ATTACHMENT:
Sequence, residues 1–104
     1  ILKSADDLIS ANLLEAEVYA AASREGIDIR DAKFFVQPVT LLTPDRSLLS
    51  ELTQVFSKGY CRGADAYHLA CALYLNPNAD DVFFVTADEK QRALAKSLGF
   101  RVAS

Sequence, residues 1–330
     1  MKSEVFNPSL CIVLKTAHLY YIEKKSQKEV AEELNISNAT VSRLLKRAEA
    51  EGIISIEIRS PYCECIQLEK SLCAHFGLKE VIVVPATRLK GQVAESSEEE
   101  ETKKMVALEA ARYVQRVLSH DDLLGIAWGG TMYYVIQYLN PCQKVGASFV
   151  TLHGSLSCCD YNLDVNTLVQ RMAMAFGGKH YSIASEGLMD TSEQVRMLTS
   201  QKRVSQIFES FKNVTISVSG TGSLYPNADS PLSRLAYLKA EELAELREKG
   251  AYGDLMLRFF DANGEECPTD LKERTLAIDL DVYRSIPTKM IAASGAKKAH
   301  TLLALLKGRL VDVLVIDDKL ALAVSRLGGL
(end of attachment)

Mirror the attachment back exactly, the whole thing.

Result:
Sequence, residues 1–104
     1  ILKSADDLIS ANLLEAEVYA AASREGIDIR DAKFFVQPVT LLTPDRSLLS
    51  ELTQVFSKGY CRGADAYHLA CALYLNPNAD DVFFVTADEK QRALAKSLGF
   101  RVAS

Sequence, residues 1–330
     1  MKSEVFNPSL CIVLKTAHLY YIEKKSQKEV AEELNISNAT VSRLLKRAEA
    51  EGIISIEIRS PYCECIQLEK SLCAHFGLKE VIVVPATRLK GQVAESSEEE
   101  ETKKMVALEA ARYVQRVLSH DDLLGIAWGG TMYYVIQYLN PCQKVGASFV
   151  TLHGSLSCCD YNLDVNTLVQ RMAMAFGGKH YSIASEGLMD TSEQVRMLTS
   201  QKRVSQIFES FKNVTISVSG TGSLYPNADS PLSRLAYLKA EELAELREKG
   251  AYGDLMLRFF DANGEECPTD LKERTLAIDL DVYRSIPTKM IAASGAKKAH
   301  TLLALLKGRL VDVLVIDDKL ALAVSRLGGL